AI wants victims of racism highlighted at WCAR

Dakar- Senegal (PANA) -- Amnesty International has expressed fears that conflicts of interest likely to emerge at the forthcoming World Conference against Racism in Durban could throw victims of racism into oblivion.
"What is important in our view is to point out that racism is the root cause of discriminatory practices which regularly lead to human rights violations," the director of Amnesty International (Belgium), Philippe Hensmans, told PANA Tuesday in an interview in Dakar.
Hensmans, who is attending the 25th International Council of AI, refrained from questioning the negative impact of slavery, but added that there are serious problems of racism these days and it would be a pity if they were left untouched.
"I am not saying that the issue of compensation should not be discussed, and the same applies to the problem of knowing whether Zionism should be linked to racism.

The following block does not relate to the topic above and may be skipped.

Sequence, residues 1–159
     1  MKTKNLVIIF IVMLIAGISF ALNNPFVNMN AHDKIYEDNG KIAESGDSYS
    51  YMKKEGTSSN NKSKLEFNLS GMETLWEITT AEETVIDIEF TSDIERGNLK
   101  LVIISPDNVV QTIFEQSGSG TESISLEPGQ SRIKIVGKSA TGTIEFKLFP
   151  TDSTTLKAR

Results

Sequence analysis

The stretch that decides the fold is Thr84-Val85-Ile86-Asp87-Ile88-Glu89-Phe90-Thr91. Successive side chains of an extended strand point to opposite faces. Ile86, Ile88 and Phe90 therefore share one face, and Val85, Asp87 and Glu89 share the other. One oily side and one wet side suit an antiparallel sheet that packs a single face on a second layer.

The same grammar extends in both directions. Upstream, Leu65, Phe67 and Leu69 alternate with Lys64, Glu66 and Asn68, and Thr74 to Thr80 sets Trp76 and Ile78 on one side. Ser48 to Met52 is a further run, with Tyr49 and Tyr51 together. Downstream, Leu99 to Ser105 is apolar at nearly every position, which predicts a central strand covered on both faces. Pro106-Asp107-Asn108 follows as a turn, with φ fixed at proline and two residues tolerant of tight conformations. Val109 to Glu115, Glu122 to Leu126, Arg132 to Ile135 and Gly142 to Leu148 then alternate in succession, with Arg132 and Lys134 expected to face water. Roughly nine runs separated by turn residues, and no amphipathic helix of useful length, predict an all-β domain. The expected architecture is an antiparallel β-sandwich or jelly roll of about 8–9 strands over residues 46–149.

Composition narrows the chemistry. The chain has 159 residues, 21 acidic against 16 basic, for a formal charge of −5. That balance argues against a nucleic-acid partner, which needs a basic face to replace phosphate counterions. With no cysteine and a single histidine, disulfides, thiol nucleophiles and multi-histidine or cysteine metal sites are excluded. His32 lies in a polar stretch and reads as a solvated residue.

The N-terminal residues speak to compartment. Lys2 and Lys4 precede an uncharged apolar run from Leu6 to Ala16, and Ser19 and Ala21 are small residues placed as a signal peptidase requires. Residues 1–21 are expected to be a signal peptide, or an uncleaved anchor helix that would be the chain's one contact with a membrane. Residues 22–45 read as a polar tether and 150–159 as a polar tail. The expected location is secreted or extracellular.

We are concerned about knowing what will happen to victims of discrimination whose rights have been violated whether in Israel or elsewhere", he said.
In the AI 2001 Report on Europe, acts of racism which often take the form of police brutality against asylum seekers, refugees or foreigners, racism and discriminatory behaviour are considered as "the cause of human rights violations".
Thus, according to Hensmans, "fighting against racism is tantamount to fighting against human rights violations which very often result from it".
"Governments should also adopt measures clearly condemning racist acts, and independent investigations of racist-related violations should be carried out and those responsible sentenced.
Existing laws on the repression of these acts should be implemented," he said.
In the third AI campaign against torture launched in October, discrimination is considered as an aspect of torture and human rights violation.
Hensmans cited that "the 1994 Rwanda genocide had a racism aspect inherent in it".

22 august 2001 16:49:00

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